Models of shifting from one status to the other are used by means of a transition matrix. In some models employed within the specialised literature three initial states and three destination states are considered: the employment state (youths in the labour market), youths enrolled in the educational system and NEET youths. Sometimes, the estimates might also consider other states, such as youths that are comprised in the educational system and in the labour market as well, or unemployed youths.

If the long term estimates are useful for evaluating the entire dynamics of the youths' activities, still these deliver few information about individual transitions and, in particular with respect to the role that the NEET status plays in such transitions. In general, a simple way of describing youths' mobility from one state to the other is by means of the transition matrix in which each element indicates the probability conditioned by finding an individual in the state y, y e {1,2, 3, 4, 5} at the moment t +1, conditioned by the fact that at the time t to be in the state x, x e {1,2, 3, 4, 5} .As result, is computed the probability conditioned by the transition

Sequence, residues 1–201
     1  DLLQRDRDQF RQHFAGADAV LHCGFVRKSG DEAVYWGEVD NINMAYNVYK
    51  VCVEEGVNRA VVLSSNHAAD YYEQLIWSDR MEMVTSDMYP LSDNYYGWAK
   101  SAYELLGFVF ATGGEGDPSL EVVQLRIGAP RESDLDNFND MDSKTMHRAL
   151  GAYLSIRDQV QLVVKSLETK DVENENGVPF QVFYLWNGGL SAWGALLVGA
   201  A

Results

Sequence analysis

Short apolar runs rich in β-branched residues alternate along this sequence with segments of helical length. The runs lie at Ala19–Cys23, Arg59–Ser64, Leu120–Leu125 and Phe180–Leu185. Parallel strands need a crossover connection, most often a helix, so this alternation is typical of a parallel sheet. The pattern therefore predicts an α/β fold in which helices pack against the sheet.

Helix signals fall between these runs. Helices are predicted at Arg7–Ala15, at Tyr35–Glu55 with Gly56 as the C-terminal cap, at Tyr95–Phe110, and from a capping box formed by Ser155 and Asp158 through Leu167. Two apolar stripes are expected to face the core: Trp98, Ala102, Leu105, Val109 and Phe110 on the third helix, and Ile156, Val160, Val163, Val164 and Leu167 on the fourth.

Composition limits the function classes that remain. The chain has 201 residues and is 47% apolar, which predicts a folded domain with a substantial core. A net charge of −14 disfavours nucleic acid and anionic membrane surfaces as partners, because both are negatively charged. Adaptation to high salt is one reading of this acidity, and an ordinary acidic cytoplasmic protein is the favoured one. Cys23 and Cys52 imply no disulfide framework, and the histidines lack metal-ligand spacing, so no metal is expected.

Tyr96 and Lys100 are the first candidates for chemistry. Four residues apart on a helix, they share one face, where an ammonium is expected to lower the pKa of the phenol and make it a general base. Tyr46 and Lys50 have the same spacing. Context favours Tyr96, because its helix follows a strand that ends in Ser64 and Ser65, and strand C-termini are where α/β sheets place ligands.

from the state x to the state y, as relationship between the numbers of persons that were in the x state and shifted to the y state between the moments in time t and t +1, that is:

P = = y|St = x)= P(St = xnSt+i = y) (

Pxy = P(St = x) (1)

where: